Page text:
A barium swallow is non-invasive and doesn’t require sedation. The patient drinks barium liquid, which coats the inside of the oesophagus and stomach. X-rays are taken to produce images of the upper GI tract.
This can show any motility problems in the oesophagus and identify growths or abnormal areas. However, gastroscopy is preferred for a detailed mucosa examination and biopsy or lesion removal.4,9
“If a gastroscopy is not possible or recommended for you, another option is a barium swallow. This test is less invasive and doesn’t involve sedation. You will be asked to drink a barium liquid, which will appear as bright white on X-rays. This will help us to see the outline of your oesophagus and stomach. Unlike gastroscopy, a barium swallow doesn’t allow a direct view of the walls of your gut or any samples (biopsies) to be taken. It is still a useful test to help us see any mobility problems in your food pipe (oesophagus) or detect any growths or abnormalities.”

Preparing for a gastroscopy
Patients should receive a letter inviting them to the procedure, informing them of when to stop eating and drinking and which medications to avoid (e.g. proton pump inhibitors).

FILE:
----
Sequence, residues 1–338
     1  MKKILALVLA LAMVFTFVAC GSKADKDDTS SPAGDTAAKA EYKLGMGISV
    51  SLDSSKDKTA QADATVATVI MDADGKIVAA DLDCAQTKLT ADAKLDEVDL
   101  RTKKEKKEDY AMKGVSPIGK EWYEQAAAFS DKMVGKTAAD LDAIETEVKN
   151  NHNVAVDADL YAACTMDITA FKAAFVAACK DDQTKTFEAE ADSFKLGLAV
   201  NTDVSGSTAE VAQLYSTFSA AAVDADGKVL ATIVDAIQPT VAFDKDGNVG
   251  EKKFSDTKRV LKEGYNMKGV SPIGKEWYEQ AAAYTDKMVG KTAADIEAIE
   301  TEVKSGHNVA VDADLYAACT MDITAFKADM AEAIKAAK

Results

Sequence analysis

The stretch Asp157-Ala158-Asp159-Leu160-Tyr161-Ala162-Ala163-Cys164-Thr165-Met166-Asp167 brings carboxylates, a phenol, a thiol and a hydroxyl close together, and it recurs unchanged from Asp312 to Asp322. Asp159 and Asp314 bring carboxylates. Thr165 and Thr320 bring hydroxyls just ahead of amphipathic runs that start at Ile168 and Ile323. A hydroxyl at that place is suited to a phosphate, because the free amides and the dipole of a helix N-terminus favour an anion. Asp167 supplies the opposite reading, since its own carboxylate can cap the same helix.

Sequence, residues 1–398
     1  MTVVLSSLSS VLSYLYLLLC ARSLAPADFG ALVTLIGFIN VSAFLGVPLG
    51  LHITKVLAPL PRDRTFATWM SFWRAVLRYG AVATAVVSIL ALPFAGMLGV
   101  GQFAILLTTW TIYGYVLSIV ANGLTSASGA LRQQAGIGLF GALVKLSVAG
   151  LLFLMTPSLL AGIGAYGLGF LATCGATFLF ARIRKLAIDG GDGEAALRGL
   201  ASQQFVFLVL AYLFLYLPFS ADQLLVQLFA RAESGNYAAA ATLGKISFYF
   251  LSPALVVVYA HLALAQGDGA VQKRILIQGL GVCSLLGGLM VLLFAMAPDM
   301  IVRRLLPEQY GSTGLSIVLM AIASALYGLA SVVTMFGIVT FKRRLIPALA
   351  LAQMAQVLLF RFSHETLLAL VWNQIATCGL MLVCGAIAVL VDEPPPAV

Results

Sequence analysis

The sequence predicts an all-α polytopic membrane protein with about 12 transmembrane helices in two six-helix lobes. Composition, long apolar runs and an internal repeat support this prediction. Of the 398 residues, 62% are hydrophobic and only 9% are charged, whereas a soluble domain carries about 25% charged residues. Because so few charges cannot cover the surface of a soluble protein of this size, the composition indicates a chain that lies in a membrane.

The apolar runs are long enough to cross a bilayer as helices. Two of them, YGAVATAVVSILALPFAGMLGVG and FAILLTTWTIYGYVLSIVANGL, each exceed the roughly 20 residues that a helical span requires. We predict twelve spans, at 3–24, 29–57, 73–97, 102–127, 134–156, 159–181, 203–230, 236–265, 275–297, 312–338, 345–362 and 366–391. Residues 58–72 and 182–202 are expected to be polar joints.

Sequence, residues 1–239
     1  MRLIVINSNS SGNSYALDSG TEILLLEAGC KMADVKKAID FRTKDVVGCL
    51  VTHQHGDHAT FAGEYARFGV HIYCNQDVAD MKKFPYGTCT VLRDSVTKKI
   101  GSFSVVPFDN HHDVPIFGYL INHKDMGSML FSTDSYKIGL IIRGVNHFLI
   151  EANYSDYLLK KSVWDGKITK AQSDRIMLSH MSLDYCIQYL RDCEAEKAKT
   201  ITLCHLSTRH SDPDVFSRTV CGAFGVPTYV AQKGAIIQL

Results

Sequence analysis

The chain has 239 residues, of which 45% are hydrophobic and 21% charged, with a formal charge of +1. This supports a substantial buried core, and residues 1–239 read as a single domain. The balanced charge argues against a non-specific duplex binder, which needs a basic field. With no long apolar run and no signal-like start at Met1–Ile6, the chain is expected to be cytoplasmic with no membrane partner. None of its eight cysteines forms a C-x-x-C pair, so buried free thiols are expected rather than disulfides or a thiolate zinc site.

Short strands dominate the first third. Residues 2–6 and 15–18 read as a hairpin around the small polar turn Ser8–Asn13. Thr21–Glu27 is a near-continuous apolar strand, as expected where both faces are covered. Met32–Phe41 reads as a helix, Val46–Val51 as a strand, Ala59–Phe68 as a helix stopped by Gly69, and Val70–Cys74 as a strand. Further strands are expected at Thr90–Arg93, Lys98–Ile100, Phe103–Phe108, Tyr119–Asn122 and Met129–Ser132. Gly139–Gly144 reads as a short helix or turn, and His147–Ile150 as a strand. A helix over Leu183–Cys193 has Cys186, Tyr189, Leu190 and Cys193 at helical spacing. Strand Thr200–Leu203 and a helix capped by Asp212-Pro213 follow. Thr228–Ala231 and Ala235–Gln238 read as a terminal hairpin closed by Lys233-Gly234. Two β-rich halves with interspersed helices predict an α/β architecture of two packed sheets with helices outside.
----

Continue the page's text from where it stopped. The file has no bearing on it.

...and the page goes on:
Proton pump inhibitors (e.g. omeprazole, lansoprazole) are usually stopped two weeks before the procedure. However, these medications can be continued in some cases (e.g. severe symptoms or undergoing a follow-up gastroscopy to assess ulcer healing).1
Anticoagulants and anti-platelet agents may also need to be stopped before the procedure. However, this depends on several factors, including the indication for anticoagulation and the bleeding risk of the gastroscopy. 
Inform the patient that on the day of the procedure, they should not eat anything for six hours before, but clear fluids can be consumed up to two hours before. 10,11
“You will receive a letter in the post telling you when your appointment is. It is important you tell the clinic if you are taking medications, especially blood thinners, or have any allergies.”
“Acid-reducing medications are usually stopped two weeks before the test. This increases the detection of disease. This period without medication can cause a slight increase in symptoms, but this doesn’t cause any harm.”
“On the day, stop eating six hours before your appointment. You can still have clear fluids up until two hours before.”

What happens during the procedure?
On arrival
Explain to the patient that when they arrive, a nurse will talk them through the procedure and possible risks, and they will need to give their written consent. There is no need for the patient to change clothes before the procedure.